Other taxation benefits of incorporation are that once incorporated, many additional items of expenditure become tax deductible. For example medical expenses, entertainment expenses, vehicle and travel costs, recreational facilities and pension costs all become tax deductible. This can be a significant cash benefit. In particular money placed in an approved pension plan is tax free as is the funds growth.

Raising New Capital

Once you've incorporated your business, the ability to issues shares simplifies the process of raising capital investment. It's also easier to get loans and other finance approved from financial lending institutions if you are an incorporated company.

Transferring Ownership

The existence of shares also simplifies the sale of your business in the future. Also should an owner or director die, the business can continue to operate indefinitely.

Business Credibility

Having the words Inc or Corp in your business name gives a positive perception of long term financial stability.

Disadvantages of Incorporation

Double Taxation

Once incorporated, earnings are subject to double taxation, whereby, company profits are taxed, and then the dividends paid to shareholders from the "net" profits are also taxed.

With a non-incorporated business, the income the owner receives from the business is only taxed once. Double taxation can be avoided if the corporation is registered as an "S-Corporation"

Statutory Compliance Costs

Compliance with legal and accounting requirements places a significant burden on companies in terms of staffing, cost and time. There are also fees associated with the initial company incorporation, and ongoing operations.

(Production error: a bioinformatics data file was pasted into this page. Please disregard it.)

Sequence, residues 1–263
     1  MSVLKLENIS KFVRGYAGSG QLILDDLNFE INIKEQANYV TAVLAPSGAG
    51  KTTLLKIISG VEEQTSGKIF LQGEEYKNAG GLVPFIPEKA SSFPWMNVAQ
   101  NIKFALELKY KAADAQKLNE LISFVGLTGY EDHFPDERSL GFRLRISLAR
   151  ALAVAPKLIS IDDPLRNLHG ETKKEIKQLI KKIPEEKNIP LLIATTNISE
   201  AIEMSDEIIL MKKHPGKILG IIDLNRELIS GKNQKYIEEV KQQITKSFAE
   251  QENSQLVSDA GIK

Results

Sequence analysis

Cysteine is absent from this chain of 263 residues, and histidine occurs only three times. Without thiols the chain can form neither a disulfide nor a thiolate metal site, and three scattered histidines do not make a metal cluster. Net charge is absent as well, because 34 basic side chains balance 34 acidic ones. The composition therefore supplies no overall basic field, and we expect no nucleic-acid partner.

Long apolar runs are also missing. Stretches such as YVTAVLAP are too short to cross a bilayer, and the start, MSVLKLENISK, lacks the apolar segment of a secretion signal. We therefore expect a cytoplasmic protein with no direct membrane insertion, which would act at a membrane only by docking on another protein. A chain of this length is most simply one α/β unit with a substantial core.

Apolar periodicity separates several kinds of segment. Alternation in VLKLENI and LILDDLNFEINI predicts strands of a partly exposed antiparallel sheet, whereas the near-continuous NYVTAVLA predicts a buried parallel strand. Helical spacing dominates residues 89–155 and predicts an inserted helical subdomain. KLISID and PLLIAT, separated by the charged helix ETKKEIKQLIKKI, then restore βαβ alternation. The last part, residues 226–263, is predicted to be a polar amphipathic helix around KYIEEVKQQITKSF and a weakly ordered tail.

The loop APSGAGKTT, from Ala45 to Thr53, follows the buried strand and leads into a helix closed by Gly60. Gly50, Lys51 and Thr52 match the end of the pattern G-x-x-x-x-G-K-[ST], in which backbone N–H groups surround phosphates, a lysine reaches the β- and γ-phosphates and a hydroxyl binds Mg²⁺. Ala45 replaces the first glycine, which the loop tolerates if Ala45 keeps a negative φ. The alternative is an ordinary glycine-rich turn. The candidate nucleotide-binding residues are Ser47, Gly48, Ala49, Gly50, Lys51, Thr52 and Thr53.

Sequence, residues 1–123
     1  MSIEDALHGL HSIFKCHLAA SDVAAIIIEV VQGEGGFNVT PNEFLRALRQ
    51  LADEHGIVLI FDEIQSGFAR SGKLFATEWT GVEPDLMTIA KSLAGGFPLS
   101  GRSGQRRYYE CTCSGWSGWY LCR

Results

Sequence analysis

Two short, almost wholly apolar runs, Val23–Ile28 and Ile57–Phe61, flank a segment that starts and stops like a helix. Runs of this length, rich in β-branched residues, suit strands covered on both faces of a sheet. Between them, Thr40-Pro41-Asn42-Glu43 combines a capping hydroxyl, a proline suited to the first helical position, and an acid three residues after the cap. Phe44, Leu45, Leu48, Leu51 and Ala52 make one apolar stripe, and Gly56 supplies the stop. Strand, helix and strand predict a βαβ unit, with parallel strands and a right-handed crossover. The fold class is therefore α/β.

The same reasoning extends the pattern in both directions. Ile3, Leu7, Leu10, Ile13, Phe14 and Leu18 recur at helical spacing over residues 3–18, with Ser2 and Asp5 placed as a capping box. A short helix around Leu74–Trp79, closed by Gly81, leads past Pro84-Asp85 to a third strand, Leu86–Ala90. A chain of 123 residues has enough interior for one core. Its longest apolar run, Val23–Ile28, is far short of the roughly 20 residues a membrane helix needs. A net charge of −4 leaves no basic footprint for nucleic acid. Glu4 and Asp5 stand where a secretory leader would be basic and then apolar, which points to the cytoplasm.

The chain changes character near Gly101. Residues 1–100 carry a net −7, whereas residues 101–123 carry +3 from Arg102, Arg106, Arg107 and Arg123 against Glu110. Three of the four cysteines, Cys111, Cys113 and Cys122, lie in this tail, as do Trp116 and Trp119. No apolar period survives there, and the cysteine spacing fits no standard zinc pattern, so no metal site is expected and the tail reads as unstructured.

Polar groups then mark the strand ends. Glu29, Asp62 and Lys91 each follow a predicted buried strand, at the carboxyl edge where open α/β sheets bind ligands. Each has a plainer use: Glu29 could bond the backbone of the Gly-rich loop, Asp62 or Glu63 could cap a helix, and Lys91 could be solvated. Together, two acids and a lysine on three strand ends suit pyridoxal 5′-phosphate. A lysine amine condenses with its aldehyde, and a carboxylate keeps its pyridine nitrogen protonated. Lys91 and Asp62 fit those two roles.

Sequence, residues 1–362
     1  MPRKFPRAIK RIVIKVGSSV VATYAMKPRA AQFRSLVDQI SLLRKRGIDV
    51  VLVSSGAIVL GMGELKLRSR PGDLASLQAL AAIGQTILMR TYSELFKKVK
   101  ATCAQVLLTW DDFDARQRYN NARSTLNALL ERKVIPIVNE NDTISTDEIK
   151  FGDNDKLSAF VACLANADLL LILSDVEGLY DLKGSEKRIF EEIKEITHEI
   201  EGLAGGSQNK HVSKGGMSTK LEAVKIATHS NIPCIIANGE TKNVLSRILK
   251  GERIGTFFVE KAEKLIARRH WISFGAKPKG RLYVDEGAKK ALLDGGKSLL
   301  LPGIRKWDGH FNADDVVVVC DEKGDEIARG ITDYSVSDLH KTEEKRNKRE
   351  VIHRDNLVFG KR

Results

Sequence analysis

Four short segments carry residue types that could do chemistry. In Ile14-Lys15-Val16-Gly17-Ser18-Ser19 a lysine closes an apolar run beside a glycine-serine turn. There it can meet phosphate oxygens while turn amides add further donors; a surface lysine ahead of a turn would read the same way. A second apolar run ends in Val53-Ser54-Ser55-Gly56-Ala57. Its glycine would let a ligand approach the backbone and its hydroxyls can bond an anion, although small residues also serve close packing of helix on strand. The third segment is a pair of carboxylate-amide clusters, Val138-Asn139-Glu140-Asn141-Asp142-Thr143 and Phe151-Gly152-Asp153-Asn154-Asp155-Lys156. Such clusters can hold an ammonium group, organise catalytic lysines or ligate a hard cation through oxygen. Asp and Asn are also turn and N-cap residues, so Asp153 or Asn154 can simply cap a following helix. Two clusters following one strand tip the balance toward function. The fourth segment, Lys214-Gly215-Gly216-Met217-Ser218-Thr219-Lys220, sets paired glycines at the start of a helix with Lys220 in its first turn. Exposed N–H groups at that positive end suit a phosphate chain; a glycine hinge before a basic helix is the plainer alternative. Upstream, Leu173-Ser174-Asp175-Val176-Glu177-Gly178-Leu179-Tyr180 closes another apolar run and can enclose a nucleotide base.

Loss of flexibility The separate legal entity status of incorporation also means that the company finances are separate from the individual's, therefore the individual cannot "borrow" money from the accounts of the corporation, and statutory requirements in general reduce the flexibility of what can and can't be done with the business and its finances.

The above are some of the key advantages and disadvantages that you as a business owner need to consider before you begin the process of incorporation. You should always seek legal advice as all cases are different.

Richard Taylor is an MBA and Company Director with a particular interest in small business start ups. Click on the following link to learn more about the benefits and disadvantages of business incorporation. http://www.incorporate-my-business.com
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Monday, June 22, 2015

What is Power of Attorney?

Power of Attorney is a legal document where one person authorizes another to act on his/her behalf. It allows that authorized person to manage business and/or financial affairs when one person is no longer able to do so. It may be required due to illness, overseas travel or mental incapacity.

Why is it important to organise a Power of Attorney? Should you be considered incompetent to deal with your finances - you need somebody else to be authorised to deal with your affairs. A Power of Attorney document allows you to choose the person, with defined authority and limits if desired, the power to protect, or re-arrange, your assets.